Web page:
Back in 1987, world leaders came together to ban chlorofluorocarbons (CFCs), which are the chemicals associated with the gigantic, gaping hole in the ozone layer that persisted for decades.
And it’s a good thing that they did. Research published in the journal Nature on Wednesday found that a world in which the 1987 Montreal Protocol on Substances that Deplete the Ozone Layer treaty never happened, the planet would be in horrible shape. In the present-day of that hypothetical world, we would already be living through some of the worst-case, nightmare scenarios.
Eating healthy food is almost always also the best for the environment.
Researchers say poor diets seriously harm people and the planet. Foods such as fruit, vegetables, beans, and whole grains are best for avoiding disease and protecting the climate and water resources, while red and processed meat cause the most ill health and pollution.
The ongoing pandemic is a once-in-a-century event that has put the feeling of comfort at a premium. One such unexpected source of comfort is the relatively new genre of cli-fi, that is the dystopian world of climate fiction: stories related to environmental devastation revolving around either the pre-apocalyptic ‘before’ or the post-apocalyptic ‘after’.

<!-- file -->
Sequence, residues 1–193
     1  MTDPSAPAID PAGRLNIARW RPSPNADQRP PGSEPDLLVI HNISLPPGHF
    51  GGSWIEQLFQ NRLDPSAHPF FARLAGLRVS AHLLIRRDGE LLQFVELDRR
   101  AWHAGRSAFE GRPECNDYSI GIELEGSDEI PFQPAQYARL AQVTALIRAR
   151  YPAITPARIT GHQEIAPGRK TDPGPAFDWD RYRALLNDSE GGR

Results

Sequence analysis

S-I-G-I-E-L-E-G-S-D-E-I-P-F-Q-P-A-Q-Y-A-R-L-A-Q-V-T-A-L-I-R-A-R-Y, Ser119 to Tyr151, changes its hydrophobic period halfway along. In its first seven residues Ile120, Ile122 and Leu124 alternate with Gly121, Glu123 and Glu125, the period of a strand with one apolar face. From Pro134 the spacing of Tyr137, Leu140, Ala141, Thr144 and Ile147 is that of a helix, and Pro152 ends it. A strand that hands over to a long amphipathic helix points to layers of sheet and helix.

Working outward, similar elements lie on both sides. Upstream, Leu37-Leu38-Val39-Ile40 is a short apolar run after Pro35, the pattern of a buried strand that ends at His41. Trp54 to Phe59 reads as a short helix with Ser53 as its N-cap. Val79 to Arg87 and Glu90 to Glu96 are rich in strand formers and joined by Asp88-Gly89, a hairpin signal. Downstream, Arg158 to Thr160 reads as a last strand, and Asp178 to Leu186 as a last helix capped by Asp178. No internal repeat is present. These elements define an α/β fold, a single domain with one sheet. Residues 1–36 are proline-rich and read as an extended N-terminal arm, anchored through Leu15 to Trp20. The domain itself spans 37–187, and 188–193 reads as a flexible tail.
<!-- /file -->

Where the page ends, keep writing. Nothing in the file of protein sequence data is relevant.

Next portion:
This genre is a rising trend, with novels that offer climatic doom or widespread ecological calamities becoming award-winning bestsellers.
Artificial meat is grown from animal cells in a laboratory and includes beef, pork, chicken and fish. It is also known as cultured meat or cell-based meat.
There are various ways to grow artificial meat. One way is to take adult stem cells from a small muscle sample from a live animal (under local anaesthetic.) The stem cells are then put in salts, vitamins, sugars, proteins, and growth factors. The oxygen-rich environment allows cells to multiply. The meat is ready in a few weeks.
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